Some media are unnatural, and they're just human inventions that are typically completely abstract, and completely arbitrary, depending on what the inventor was dealing with at the time. My personal favorite would be the qwerty keyboard layout. We're still stuck with it today. I'm sure you know the story about it. There's a lot of debate about whether or not this is true, but the story is that the mechanical typewriters got jammed, and they wanted to slow the typist down, so they scrambled the layout, to make it harder for them to do. It's a great story, I don't know whether it's true or not, but you have to admit it's a pretty strange layout. For whatever reason it got to be so strange, it's pretty abstract.
You can also look at books being this way. In America we spend in our school system over 250 billion a year, and one of the principal purposes is to teach people to read. That's a great thing. I mean, I'm glad I know how to read. I want my kids to learn how to read. $250 billion though? It's an interesting question. We've bought into reading because it's always been part of our lives, and part of our culture for the last few hundred years. But, it's an awkward, awkward medium. You come up with these cryptic little symbols, and then you have to abstract them into words and sentence, and process the whole thing, and you spend all these years learning how to do it, and then you can put a book in Russian in front of you, and you have no idea what it is. Of course we have no standard human language, so that complicates things.
MTV, there's an example of a new visual medium, where they invented this style of putting digital and analog and black and white, and color and mixing it all up, and having tremendous camera action, and just creating this blur. Kids that have grown up on that have, I think, a measurable increase in their intelligence, when it comes to spatial cognition and processing that kind of data. In fact, studies are finding that kids today, like you or some of your students in fact, are better at accumulating information because of that processing power. Then, of course they also find studies that suggest that maybe people are having a little more trouble analyzing and sorting and organizing the information. But again, MTV has proven to be a new kind of medium, that was somewhat arbitrary, that had to be learned.
Email is another example. The spreadsheet is another example. So, in any of these cases, if you have a medium that's unnatural, there's going to be some human cost to train people to do it. if it has a productive purpose then people are going to do it. But it's going to get less use if it's not natural, and I would also argue people are going to be less happy about doing it. I mean, there's nothing wrong with exercising a skill that you have, but there's something really beautiful about doing what you were evolved to do in nature. So, natural media, have demonstrably more potential.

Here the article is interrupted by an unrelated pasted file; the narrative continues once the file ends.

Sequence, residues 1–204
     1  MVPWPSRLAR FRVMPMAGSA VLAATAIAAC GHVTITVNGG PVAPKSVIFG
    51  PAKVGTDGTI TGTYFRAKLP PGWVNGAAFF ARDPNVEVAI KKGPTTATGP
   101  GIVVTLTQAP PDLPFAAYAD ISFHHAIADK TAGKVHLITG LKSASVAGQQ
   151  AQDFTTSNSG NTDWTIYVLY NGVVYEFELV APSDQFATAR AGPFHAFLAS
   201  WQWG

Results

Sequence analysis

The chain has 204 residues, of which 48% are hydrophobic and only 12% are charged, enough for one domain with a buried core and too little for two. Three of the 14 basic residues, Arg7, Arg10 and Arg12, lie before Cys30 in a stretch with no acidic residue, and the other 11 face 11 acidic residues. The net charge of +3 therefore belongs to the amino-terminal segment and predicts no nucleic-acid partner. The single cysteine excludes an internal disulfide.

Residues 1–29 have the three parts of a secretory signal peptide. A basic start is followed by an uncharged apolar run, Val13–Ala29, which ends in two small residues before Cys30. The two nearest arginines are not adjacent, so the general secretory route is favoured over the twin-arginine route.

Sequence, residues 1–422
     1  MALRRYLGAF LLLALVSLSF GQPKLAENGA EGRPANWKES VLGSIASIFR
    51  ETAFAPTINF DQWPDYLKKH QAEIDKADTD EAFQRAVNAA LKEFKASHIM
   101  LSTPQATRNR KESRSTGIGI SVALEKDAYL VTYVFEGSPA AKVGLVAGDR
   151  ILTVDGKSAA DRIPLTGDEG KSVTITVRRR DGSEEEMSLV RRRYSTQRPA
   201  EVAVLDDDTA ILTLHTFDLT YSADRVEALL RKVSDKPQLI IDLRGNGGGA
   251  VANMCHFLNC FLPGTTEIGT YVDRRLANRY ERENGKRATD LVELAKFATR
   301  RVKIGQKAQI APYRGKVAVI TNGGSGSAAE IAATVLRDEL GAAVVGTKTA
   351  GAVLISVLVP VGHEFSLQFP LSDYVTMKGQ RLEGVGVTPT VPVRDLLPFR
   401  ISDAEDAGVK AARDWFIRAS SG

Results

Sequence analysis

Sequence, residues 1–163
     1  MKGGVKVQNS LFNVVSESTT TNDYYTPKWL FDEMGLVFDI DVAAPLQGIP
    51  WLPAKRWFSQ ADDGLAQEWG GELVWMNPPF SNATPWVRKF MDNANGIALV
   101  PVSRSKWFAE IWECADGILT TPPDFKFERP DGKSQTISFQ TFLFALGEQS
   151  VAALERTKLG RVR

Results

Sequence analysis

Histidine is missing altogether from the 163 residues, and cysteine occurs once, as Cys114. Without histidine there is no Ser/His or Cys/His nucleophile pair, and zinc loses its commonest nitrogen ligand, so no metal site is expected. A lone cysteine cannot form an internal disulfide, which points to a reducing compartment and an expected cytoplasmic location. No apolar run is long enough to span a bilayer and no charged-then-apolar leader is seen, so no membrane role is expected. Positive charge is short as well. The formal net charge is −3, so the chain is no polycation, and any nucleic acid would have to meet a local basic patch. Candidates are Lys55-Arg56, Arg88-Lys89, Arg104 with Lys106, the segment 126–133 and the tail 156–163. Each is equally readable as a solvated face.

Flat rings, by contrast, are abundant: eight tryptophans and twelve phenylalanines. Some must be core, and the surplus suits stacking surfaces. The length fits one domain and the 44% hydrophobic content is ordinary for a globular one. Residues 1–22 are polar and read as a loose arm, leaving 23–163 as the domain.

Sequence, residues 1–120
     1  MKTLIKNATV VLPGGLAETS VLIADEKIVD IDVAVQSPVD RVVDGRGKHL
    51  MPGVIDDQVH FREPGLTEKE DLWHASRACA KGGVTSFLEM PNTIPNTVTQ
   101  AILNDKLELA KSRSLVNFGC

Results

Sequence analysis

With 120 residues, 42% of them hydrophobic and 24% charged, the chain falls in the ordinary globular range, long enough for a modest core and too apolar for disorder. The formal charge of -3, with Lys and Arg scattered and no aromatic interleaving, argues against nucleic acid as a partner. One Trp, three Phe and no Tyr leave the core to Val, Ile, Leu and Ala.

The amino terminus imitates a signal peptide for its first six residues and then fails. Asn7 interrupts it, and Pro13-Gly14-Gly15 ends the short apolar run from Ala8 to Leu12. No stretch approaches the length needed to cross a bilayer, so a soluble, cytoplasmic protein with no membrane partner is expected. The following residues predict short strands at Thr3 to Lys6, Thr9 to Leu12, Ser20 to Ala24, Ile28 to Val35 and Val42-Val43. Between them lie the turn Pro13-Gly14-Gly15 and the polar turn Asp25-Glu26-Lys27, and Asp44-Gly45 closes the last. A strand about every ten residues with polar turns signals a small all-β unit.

My daughter right now is learning her letters and words. They went through a phase in her school where they could create a fantasy and draw a scene. One of the adults in the class would listen to them verbalize about it, and then the adult would write down a description of it. You look at these scenes, they're beautiful scenes, and these beautiful descriptions of these incredible fantasies that these kids are having. Then one day they said, "OK, now you have to write your own words, and if you need any help on how to spell a particular word, you just let us know." Suddenly the quality of the art went way downhill, and of course the lettering's very awkward, the sentences are really short. Now they're laboring, trying to figure out how to do these letters and words. My daughter's a classic example of this, where she's a great artist, and she wants to express herself artistically. When it comes down to being forced to actually learn how to do these letters and words, and spelling and so on, she's really not been interested. It's natural for her to express herself artistically, to build things, to paint, to do music. It's not natural for her to learn all this other stuff. Again, I'm not trying to say it's a bad thing, but oddly enough the computer is seen in the wrong way by society in this regard. I'm going to come back to that later.
The other thing about media, is that people don't understand new media. They really don't! There's so many famous examples. I mean, Martin Luther translated the bible into German, and I guarantee you, the politicians running Germany had no idea what effect that was going to have. Then you have Western Union, who has this monopoly on the telegraph. The telephone's invented, and it's offered to them, and they can get an exclusive patent on it, and they turn it down. Then you have television, which originally was thought only useful for civil defense communications. In our times it would be the story of IBM, the 900 pound gorilla of the computer field, completely missing the boat on the democratization of computing, completely missing the boat on the idea that it's not going to be a centralized mainframe. It's going to be a decentralized network. I mean whooooz! that was a big miss for them. They were considered a national treasure. Well, after a while it wasn't the case.